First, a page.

How much water does a horse drink a day? You may have never asked yourself that question before. As animal care specialists, I would bet you have been asked that question by someone else. Maybe it’s a someone who has just brought her first horse home. Or maybe it’s a someone who is thinking of buying their first horse and wants to make sure their pasture is big enough for the amount of horses that will be on it. It’s also possible that this person may have had a horse for years and needs new fencing because the one they already had couldn’t handle the number of horses on it. It comes down to the same thing though: Horse owners want to know how much water does a horse drink per day?
How much water does my horse actually need?
An average 500kg (approximately 15hh) horse drinks around 30-50 litres a day. This amount may be higher in hot weather (because the horse will sweat more and use up water reserves in the body) and if working very hard (again the horse will sweat more). A mare with a foal needs more because the milk that she is making to feed the foal requires water. Horses that are grazing on rapidly growing grass will usually drink less because the grass that they are eating has a high water content compared to more mature grass and hay which is very dry.
How clean does this water need to be?
Clean uncontaminated water is a must for horses. If horses are forced to drink water that is contaminated with dirt, algae or manure/urine they can become sick. In addition to having a delicate digestive system horses are unable to vomit (a valve on the top of the stomach prevents vomiting). Once a horse has ingested food or water it has to pass right through the system – no matter how bad that food or water is (unlike a dog for example which can vomit and therefore quickly get rid of bad food or water).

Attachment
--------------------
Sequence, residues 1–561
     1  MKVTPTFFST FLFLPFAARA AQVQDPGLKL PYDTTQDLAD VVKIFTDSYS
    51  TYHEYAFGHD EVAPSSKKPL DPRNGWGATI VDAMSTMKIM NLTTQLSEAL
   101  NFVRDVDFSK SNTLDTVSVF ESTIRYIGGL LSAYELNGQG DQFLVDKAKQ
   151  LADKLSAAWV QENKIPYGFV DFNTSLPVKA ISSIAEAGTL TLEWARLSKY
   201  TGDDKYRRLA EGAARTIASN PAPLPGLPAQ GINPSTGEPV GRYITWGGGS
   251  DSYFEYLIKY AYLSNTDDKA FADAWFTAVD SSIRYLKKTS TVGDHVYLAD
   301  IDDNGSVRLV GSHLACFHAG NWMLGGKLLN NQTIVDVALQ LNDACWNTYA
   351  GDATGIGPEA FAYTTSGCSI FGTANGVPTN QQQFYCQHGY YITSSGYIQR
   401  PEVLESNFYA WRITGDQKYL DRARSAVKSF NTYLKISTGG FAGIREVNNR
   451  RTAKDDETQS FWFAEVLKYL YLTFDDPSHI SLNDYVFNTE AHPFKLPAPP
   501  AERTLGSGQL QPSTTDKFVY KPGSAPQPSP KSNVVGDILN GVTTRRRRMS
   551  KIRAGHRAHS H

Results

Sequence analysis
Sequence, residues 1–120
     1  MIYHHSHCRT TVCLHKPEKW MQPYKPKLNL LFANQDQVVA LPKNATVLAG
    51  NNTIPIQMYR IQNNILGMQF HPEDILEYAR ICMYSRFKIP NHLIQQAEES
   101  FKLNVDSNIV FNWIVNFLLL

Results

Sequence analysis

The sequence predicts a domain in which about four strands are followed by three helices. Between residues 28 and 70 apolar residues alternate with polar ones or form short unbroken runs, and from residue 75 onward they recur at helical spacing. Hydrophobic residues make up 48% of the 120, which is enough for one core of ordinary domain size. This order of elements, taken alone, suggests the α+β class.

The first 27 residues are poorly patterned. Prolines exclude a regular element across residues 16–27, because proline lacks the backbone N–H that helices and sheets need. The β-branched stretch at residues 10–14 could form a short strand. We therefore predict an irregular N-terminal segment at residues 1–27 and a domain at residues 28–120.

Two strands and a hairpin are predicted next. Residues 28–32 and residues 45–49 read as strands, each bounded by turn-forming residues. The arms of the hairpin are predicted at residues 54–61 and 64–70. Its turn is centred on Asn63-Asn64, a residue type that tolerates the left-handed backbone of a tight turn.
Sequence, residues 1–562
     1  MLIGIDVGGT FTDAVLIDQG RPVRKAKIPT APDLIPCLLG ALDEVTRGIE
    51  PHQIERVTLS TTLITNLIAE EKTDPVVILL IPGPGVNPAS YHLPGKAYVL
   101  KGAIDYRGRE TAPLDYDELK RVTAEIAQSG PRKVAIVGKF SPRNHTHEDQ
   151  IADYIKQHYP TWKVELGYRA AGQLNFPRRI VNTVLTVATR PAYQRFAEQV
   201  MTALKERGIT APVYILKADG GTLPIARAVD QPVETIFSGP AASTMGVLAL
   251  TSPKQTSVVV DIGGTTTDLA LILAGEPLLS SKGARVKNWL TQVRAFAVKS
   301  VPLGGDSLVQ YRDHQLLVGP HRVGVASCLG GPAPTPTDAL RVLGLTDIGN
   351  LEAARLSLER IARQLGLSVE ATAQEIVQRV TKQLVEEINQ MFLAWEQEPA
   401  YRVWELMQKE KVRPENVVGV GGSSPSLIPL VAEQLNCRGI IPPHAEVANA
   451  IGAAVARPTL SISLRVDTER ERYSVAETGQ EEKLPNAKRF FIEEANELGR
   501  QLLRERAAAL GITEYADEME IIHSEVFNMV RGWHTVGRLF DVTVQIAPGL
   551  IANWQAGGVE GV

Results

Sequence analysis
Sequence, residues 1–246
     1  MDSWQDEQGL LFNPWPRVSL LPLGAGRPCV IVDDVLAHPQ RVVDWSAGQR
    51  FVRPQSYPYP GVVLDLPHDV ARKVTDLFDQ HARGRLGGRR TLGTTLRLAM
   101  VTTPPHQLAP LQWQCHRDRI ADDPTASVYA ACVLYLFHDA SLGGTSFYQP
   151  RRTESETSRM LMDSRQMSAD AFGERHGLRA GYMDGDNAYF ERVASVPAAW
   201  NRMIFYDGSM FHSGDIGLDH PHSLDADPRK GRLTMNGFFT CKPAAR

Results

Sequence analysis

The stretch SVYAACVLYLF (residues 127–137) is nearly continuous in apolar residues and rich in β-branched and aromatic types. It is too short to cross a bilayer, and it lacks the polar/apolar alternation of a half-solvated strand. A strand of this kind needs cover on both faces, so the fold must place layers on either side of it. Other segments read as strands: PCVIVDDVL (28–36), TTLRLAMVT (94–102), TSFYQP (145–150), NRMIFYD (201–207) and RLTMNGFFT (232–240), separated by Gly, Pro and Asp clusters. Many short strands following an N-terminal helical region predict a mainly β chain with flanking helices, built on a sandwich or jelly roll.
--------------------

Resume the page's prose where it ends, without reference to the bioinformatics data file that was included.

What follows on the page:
You might be wondering why horses drink so much water. There are two main reasons for this: the nature of a horse’s digestive system and sweat. Horses typically consume a high-fiber diet, which requires plenty of water to break down, move through the digestive system, and distribute to the rest of the body. If a horse does not have enough water, the high fiber hay or grass can block the digestive system, leading to colic. Colic put’s your horse’s health at risk and requires immediate medical attention.
Another reason why horses drink so much water is that they sweat a lot. Like humans, horses sweat to keep cool and regulate their body temperature. Because of this, your horse needs to drink more water than it is releasing through sweating. Remember, horses work hard, whether at the farm or shows, and as such need water to recuperate, regain their stamina, and allow their heartbeat rate to reset to normal. Ensure that your pony has access to drinking water throughout the day when participating in endurance races.
Generally speaking, we see more digestive concerns during the winter months than during any other time of year. This is related to a decrease in water intake whether it is caused by a lack of supply, e.g. frozen water; cold water decreasing intake, or just not enough water being provided to the horse. Another factor can be the horse that was eating the lush pasture which may contain 75% water is now eating hay which contains 10% water. The horse still requires at least 10 gallons of water but is now relying on us to supply it. Older horses and those with dental issues may not drink very cold water, again adding to the problem of insufficient water intake.
A horse, like any animal, will be affected by the climate it comes from. Some in hot and dry places may drink up to 40 quarts of water a day. Others, in places where it is cold, may drink anywhere from 10-15 quarts per day. As for how much water a horse drinks per day or week, again this may depend on its coat type and if any horses have medical conditions that make them have to drink much more.